Friday, April 25, 2014
PLACERVILLE, CALIFORNIA
99 CENTS

My turn: Looking back, moving forward: Avoiding tragedy

By
From page A4 | November 14, 2012 | 7 Comments

Most days pass without much special attention or reflection. Yet it is part of the human experience that certain events are branded into our memory, whether good or ill.

A day that is seared into my memory is June 5, 2007. That is the day when I — a relatively new reporter with the Mountain Democrat — and a photographer, returning mid-morning from an assignment in Cameron Park, veered off Highway 50 at Ponderosa just moments after hearing on the scanner of a shooting nearby. We arrived at property on South Shingle Road. As the photographer snapped pictures of an EMT attending a fatal gunshot wound inflicted on the victim, I began taking in the surroundings, wondering who would shoot this man and why.

We soon learned that the victim, Art Mies, had been shot by his beloved but seriously mentally ill son Eddie Mies, who was still on the property. By the time noonday had passed, Eddie Mies also was dead, shot at the hands of an EDSO deputy.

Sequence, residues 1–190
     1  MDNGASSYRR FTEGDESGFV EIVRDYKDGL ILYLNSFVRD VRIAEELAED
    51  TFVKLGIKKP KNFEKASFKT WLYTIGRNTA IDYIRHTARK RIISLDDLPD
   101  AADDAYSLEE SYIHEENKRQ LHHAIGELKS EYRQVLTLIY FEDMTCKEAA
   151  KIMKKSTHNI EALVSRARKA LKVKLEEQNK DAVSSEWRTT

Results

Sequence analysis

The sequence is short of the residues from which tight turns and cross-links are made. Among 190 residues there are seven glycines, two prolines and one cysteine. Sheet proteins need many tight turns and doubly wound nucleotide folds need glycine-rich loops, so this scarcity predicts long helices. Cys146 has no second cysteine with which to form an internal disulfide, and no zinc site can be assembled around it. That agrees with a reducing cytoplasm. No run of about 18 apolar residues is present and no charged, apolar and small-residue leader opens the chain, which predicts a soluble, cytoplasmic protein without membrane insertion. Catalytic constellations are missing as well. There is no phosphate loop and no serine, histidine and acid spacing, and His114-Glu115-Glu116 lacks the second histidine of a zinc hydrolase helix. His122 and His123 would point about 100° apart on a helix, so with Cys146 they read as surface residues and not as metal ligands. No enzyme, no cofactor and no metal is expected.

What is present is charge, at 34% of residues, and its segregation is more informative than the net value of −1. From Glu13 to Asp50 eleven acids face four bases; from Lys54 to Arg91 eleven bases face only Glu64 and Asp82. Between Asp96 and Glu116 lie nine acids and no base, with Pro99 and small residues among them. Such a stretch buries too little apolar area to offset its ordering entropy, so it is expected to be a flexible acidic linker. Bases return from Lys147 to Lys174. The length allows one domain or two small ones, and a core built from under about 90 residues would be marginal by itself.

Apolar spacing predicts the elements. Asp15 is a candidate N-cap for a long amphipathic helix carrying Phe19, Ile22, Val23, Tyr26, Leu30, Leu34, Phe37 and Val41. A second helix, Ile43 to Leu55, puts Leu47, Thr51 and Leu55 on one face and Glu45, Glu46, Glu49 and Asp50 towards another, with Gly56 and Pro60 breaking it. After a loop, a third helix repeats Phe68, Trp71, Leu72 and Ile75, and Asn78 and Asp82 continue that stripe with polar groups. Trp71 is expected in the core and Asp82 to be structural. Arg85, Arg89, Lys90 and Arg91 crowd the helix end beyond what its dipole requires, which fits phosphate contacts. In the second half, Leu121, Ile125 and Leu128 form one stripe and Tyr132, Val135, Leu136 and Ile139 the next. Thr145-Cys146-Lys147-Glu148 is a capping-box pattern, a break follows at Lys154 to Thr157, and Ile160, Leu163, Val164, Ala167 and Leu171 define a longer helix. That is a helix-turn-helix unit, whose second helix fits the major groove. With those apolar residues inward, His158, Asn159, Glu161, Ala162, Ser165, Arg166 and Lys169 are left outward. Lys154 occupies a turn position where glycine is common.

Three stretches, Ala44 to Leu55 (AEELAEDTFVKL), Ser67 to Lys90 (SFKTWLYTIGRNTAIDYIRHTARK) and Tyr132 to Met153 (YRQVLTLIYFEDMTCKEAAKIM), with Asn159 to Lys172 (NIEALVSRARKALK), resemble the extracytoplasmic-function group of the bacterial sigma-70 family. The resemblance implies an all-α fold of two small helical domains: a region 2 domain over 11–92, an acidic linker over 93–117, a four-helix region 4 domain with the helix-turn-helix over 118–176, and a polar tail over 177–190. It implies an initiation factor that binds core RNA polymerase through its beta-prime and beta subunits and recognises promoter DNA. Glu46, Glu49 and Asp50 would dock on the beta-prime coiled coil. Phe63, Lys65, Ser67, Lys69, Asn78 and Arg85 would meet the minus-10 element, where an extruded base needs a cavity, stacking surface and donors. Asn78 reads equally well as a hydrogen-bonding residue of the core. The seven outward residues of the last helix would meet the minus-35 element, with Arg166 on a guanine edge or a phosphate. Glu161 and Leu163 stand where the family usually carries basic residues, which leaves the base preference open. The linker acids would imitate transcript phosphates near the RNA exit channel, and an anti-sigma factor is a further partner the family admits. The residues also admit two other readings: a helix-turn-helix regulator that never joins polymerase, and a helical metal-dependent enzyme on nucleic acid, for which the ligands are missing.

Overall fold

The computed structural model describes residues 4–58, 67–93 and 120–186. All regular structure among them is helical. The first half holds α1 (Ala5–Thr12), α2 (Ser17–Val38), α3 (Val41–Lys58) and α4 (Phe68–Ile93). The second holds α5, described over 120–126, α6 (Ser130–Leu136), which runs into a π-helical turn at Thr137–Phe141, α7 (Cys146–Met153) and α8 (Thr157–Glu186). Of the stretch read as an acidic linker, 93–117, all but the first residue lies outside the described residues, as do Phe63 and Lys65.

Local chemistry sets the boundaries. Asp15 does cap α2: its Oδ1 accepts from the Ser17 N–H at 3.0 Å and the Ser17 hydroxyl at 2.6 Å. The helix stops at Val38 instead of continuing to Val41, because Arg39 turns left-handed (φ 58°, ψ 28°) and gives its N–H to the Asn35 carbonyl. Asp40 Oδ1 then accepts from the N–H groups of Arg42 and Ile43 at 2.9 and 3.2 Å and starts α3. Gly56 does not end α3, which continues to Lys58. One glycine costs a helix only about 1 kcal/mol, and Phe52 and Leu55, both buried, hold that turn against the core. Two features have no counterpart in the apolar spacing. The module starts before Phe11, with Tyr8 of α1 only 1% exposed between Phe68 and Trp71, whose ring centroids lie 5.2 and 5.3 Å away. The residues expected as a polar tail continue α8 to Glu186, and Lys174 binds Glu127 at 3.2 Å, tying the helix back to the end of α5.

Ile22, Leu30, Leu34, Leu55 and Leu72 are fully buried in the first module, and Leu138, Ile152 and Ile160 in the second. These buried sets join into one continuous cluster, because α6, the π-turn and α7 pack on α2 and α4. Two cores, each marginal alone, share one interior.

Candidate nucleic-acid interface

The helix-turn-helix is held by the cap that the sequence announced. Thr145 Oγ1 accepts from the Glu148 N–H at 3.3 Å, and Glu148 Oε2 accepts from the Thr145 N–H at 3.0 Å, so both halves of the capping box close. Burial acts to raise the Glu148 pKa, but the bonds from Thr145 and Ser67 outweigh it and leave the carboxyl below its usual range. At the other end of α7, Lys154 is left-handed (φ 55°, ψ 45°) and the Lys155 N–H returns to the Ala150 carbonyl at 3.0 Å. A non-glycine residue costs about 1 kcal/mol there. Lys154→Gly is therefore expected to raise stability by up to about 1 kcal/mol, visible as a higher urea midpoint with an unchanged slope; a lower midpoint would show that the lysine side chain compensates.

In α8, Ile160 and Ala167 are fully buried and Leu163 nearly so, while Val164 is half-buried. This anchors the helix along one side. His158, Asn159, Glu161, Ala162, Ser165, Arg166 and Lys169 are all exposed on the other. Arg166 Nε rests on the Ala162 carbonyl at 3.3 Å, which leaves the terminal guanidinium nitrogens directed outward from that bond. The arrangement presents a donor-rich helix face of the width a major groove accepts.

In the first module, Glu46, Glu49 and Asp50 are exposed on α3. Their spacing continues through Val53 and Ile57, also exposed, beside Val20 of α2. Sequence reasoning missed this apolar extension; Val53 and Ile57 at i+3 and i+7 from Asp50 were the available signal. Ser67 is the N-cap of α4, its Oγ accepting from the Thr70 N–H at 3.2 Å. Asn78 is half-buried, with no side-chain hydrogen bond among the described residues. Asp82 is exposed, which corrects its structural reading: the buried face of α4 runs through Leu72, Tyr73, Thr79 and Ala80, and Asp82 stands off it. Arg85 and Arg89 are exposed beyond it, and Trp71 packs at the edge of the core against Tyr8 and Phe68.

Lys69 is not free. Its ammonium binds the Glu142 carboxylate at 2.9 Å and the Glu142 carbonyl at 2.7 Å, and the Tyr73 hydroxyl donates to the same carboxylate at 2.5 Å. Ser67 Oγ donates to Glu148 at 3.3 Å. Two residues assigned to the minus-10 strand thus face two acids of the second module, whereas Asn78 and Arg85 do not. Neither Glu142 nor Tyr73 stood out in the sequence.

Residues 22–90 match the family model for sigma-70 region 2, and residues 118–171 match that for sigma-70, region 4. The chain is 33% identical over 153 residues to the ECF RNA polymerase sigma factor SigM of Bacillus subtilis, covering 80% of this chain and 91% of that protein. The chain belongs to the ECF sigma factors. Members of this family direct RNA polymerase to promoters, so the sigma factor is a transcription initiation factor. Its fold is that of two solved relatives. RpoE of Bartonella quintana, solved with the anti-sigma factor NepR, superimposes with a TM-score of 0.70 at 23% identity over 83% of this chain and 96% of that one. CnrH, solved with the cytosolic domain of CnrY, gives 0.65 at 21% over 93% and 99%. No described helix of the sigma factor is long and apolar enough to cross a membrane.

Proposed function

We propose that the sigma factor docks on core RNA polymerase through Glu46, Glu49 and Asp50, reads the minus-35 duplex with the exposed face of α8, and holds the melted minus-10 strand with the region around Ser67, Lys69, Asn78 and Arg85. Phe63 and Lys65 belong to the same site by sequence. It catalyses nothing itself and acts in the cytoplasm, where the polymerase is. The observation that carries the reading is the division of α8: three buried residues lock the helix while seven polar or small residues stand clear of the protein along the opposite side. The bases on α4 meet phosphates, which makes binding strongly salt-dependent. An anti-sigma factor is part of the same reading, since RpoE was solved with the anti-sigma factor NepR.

This was not a solo event. Within a year, three other people known to have mental illness were dead at the hands of law enforcement: Rajan Vaid, 23, El Dorado Hills, (killed Sept. 11, 2007); Matthew Zaiser, 26, El Dorado Hills (killed May 24, 2008); and Mark Moody, 41, Camino (killed June 12, 2008).

The last shooting incident involving a mentally ill individual — in what the 2010-2011 Grand Jury report called a “disturbing trend” — occurred on March 28, 2010 when a 5150 detainee from Folsom, 39-year-old Linda Clark, escaped from Marshall Hospital in an ambulance whose keys had been left inside the vehicle. Clark was killed by Placerville police officers after a slow chase from the hospital to a driveway off Cedar Ravine, where the shooting occurred.

These events were tragic. For the families, certainly, but also for the officers involved in the shootings. I had occasion to interview three of these officers — one of the shooters and two others, each of whom were acutely impacted by the incidents. One officer later took her own life; the other two were forever scarred mentally and emotionally … all from performing their sworn duty to protect and serve the community.

Tragic indeed. But what would make these events even more heartbreaking is if we as a community did not learn from them new ways to handle these fragile individuals, the mentally ill in our midst, to try and avoid such catastrophes in the future.